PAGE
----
Yeah. I expect the worse and so that necessarily isn't always comfortable. And so I was pretty, I guess, not terrified that I was going to be killed or anything, but I was afraid that I wasn't going to bring my share to the table, and afraid I might stink. I hope that I didn't stink too overtly. But Jeff was a huge help to me because one of the things that he said, which I may have thought of in the past, but the timing was perfect and that was, he said, “Don't act. Don't move. Don't act. Just say your lines. If you can do that you'll be fine.” So be honest, essentially, you could interpret that as.

He said, “The closer your camera gets to your face the less you want to act,” which I thought was good information for me. So I tried as best as I could, but sometimes it's really hard when a camera is on you not to pretend. But I did my best as soon as they said ‘action’ to not do anything.

After performing so many years on stage and being in front of huge crowds, was it hard to play an introverted character?

It started off difficult. When I saw the movie, I could see [by] the way that I was moving the knife that it was difficult for me to stay still. I was having a hard time. I'm lucky that I didn't slice my leg open. That was a different movie.

It was difficult but it became much easier as we went on. And then the scene where AnnaSophia's [Robb] character, Opal, as the main girl, and I are running around in the pet store, that was a release. That was a lot of fun to be able to run around. I thought that I was moving more, but apparently I'm bigger than I think… The last scene was difficult for me because I really did just want to sit still in the scene where everyone is at the party.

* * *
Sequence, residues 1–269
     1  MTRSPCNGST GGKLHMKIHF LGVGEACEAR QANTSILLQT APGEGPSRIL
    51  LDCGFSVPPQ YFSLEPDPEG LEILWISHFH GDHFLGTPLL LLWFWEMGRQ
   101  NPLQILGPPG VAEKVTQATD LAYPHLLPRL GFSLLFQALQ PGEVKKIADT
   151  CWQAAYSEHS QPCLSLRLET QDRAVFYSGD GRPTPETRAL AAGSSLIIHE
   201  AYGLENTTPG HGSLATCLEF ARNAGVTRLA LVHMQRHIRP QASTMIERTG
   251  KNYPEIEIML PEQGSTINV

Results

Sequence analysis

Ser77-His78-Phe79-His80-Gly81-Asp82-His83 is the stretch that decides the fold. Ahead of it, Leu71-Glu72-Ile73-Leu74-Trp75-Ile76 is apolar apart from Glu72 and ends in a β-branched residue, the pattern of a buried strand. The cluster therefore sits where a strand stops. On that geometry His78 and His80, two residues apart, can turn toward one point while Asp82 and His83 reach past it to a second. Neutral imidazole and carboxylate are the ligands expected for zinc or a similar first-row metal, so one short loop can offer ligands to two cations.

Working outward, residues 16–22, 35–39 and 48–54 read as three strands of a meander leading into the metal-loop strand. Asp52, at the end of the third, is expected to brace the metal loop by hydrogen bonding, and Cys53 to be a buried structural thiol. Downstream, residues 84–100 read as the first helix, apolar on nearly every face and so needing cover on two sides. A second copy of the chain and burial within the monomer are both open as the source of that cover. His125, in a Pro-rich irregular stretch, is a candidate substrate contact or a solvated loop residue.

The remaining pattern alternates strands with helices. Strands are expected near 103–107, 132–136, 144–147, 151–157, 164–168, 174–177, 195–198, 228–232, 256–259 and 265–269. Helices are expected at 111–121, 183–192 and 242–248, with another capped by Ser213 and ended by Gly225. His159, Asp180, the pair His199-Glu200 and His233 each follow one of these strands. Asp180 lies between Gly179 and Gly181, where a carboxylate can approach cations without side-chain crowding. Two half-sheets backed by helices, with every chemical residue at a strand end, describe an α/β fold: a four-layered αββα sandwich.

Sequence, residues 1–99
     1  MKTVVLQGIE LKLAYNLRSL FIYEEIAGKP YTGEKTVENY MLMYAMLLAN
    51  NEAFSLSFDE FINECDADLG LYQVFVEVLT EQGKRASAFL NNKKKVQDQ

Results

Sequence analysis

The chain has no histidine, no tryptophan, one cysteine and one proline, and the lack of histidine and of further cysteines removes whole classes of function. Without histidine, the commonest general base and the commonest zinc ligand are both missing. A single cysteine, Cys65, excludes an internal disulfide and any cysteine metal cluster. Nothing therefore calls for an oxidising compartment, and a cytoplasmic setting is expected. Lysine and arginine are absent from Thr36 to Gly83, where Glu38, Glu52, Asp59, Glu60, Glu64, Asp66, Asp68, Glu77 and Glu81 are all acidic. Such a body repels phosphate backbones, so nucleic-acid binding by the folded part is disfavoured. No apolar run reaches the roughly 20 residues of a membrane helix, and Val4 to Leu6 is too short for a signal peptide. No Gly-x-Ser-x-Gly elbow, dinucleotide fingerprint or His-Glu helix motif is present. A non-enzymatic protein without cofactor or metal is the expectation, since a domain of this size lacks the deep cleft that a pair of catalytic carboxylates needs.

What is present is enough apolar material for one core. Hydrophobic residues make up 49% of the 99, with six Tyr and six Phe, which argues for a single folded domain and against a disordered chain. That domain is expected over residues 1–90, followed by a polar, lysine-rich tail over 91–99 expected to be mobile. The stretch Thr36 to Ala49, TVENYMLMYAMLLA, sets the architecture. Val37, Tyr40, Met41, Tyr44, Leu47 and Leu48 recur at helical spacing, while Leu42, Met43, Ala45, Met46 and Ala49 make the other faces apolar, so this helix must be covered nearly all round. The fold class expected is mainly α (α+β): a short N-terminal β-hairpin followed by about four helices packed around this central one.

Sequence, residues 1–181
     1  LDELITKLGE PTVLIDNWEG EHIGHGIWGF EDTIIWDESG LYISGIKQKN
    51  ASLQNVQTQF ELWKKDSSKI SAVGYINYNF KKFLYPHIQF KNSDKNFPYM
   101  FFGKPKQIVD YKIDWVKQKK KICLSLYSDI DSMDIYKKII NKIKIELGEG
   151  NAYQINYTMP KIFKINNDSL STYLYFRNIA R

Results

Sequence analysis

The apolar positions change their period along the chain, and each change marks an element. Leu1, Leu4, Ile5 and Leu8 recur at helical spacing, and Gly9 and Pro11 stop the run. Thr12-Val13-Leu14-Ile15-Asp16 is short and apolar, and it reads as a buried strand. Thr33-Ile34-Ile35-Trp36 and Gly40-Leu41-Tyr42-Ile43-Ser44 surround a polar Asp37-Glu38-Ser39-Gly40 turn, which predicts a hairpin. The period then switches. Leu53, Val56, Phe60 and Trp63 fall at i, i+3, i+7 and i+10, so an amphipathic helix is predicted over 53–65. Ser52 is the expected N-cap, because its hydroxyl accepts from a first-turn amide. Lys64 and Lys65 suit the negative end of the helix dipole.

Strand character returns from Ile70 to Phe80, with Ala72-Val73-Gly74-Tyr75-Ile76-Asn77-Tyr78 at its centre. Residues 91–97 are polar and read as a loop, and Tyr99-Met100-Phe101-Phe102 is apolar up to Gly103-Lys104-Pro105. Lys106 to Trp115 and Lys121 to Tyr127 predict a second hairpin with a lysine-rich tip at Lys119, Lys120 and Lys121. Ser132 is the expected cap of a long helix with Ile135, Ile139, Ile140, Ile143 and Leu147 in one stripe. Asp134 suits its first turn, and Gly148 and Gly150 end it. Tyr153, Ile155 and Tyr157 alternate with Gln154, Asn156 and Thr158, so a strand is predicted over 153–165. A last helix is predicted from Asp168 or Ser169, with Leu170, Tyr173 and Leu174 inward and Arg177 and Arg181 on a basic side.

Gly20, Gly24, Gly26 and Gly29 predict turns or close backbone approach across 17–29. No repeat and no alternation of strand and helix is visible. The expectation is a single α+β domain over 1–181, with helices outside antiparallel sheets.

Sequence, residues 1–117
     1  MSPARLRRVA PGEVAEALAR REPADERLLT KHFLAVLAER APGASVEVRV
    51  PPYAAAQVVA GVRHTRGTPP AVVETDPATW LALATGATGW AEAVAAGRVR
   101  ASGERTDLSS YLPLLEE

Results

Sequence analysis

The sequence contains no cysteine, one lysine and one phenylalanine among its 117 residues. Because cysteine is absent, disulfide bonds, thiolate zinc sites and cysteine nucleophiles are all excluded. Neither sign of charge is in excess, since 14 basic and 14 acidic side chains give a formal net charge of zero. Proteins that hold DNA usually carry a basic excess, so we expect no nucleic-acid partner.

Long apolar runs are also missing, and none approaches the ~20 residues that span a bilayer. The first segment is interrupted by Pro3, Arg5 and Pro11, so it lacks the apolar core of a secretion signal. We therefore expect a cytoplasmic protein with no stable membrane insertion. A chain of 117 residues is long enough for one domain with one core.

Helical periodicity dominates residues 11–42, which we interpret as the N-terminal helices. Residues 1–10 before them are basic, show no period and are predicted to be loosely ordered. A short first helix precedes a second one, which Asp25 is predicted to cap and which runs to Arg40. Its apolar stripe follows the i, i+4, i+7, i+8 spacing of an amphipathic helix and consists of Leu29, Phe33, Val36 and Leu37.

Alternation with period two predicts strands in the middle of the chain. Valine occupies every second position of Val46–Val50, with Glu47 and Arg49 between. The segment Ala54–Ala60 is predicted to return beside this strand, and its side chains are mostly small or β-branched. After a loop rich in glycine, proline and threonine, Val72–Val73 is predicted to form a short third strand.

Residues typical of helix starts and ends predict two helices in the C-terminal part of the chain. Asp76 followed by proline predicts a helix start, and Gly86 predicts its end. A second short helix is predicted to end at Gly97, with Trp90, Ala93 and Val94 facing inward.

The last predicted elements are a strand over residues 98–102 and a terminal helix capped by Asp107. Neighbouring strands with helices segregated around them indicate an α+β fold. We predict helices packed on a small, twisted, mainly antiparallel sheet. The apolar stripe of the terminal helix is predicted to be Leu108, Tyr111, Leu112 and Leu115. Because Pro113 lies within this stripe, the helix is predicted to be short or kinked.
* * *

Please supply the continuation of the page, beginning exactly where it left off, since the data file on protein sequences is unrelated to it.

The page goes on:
I really thought, “Wow, if I could just completely melt into the couch here, that would've been perfect because I'd really become accustomed to sort of being still and introverted on camera.”

Why didn’t you contribute to the soundtrack?

I didn't want to contribute other than what was in the movie, but I thought that the song was going to be in there. But it's not in it. I didn't think that it was going to be excluded. I did the arrangement and recording of 'Glory, Glory' with [Patrinell Wright]. And I though that 'Butterfly' would at least be on the soundtrack, but it's not on there. When I said to someone that I didn't want to tour around and play that song while promoting the movie, that I'd rather just talk to people if I'm doing press or if I do any TV appearances for the movie, I'd rather talk than play a song which is what I already did, maybe that was interpreted… Because I'd really like that song to be on the soundtrack. I thought that it was a sweet song. I'll have to put it on one of my CDs.

Being on the road, you probably don’t have any pets, do you?

Well, I have a cat that doesn't tour with us. My family always tours with me and travels with me. We have a lot of dogs in Virginia, but they're really all my mom's and my brother’s. They started off as mine, some of them, but I'm on the road and so they're all over there. They're like a giant pack of dogs. And they change in numbers because one will pass and another one will arrive. There's a lot of strays. There are eight dogs at my mom's house, I think, right now. They're all different shapes and sizes. If you're a deer, don't walk across that lawn because then it's curtains.

Has this movie whetted your appetite for more acting?

Yeah. I do think that it's a really interesting process. I think that it's a very, it could be a very personal thing. It's a very funny exercise. And I think that it could be a very rewarding sort of endeavor. Maybe if I did it right it could be really searching in yourself rather than going off on what Jeff said. I think that for that reason it's an adventure. I think that if nothing else, I like sort of challenging myself, putting myself up against things. So my initial response with things like that are, “No. I don't want to do that.” But then I stop and go, “Well, maybe I should do it just because that was my first reaction.”